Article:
My name is Emily Aoyama. On the morning of September 11th, 2001, my father, David Selma Aoyama, boarded American Airline Flight No. 11 bound from Boston to Los Angeles. He was 48 at the time — he was a healthy, fun-loving, devoted father, and I like to think that he was excited to finally see his efforts pay off through his teenage daughter's and son's bright future. He worked in Santa Monica for the SGI-USA Buddhist association of which I am a member. But instead of arriving home in Los Angeles, his plane would be the first to strike the World Trade Center towers just a block away from where we are gathered today.
My father would not get to see us attending college, and we could not get to show him how much we were able to grow and how much we appreciated and missed him. My mother my brother and I were overwhelmed with a deep sense of sadness and loss.
How could something like this happen? Who could be so callous and hateful to inflict this much suffering on others? How do we stop those whose actions so demean the very dignity of life?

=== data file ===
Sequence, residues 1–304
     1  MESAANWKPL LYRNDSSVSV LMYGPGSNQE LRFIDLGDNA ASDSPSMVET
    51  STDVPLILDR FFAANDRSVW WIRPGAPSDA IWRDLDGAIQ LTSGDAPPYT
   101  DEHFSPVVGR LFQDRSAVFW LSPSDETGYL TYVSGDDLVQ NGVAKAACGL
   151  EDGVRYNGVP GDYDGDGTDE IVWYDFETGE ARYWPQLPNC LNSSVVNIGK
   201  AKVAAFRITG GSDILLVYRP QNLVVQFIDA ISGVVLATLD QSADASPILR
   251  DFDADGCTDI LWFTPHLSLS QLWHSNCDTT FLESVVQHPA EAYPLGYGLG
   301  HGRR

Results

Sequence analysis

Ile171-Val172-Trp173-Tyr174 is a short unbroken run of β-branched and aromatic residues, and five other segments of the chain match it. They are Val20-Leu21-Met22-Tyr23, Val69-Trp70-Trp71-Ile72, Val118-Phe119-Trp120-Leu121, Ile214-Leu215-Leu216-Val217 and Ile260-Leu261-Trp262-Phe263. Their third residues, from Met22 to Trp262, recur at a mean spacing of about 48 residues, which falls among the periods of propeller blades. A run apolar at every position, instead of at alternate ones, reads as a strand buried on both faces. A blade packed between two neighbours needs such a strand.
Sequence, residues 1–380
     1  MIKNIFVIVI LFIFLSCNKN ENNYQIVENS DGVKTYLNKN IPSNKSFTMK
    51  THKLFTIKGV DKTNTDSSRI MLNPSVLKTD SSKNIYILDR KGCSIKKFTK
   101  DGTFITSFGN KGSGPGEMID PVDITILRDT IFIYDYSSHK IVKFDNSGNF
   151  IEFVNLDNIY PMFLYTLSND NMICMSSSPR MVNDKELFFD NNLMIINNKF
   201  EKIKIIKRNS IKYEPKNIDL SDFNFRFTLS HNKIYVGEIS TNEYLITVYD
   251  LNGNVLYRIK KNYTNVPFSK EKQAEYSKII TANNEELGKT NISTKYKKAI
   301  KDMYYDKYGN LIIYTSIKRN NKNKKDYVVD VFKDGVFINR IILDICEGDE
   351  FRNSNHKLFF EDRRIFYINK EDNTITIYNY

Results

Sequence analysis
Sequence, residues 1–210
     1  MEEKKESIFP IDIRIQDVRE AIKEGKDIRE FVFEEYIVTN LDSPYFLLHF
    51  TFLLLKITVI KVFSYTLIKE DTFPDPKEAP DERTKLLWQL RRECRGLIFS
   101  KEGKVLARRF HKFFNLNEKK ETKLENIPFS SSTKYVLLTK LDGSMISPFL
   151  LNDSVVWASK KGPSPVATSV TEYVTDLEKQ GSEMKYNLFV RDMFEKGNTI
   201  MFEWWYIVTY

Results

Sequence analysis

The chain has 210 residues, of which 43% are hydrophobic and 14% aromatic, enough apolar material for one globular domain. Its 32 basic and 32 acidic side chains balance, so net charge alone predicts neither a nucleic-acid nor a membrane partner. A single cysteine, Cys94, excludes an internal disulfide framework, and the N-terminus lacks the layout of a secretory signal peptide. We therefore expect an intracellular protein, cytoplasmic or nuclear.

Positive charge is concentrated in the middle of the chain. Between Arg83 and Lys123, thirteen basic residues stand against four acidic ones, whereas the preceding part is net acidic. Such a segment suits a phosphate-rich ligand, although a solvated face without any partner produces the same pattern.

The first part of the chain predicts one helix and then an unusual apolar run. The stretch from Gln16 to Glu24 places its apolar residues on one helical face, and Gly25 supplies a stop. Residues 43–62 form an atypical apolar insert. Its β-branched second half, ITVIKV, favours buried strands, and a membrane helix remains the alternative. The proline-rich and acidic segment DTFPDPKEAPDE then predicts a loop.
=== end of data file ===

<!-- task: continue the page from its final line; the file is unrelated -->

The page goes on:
I struggled with these questions through the days and months that followed, my feelings colored by confusion and despair. In the depths of this struggle I found hope in the teachings of Buddhism and in the words of my teacher Daisaku Ikeda who reminded me that the real enemies were not any specific group or religion or culture. He said that the real enemies are poverty, hatred and, above all, the dehumanization that pervades contemporary society.
This day marking the 10th anniversary of September 11th teaches me that one of the deeper causes of the violence in all societies is the lack of the value of human life. For that I firmly believe that the religions have today an important and irreplaceable role to be played.
I promise to my father and all the victims lost in the tragedy - which is the "symbol" of all the tragedies happened during the first terrible decade of this XXI Century - that all their lives will not fall in vain, and I will build a path toward lasting peace.
I strongly thank the Community of Sant'Egidio, the Archdiocese of Munich and all the religious leaders and the goodwill people present in this significant International Meeting for welcoming today my experience. Yes, I firmly believe that we are "Bound to Live Together", this is the chance towards the future.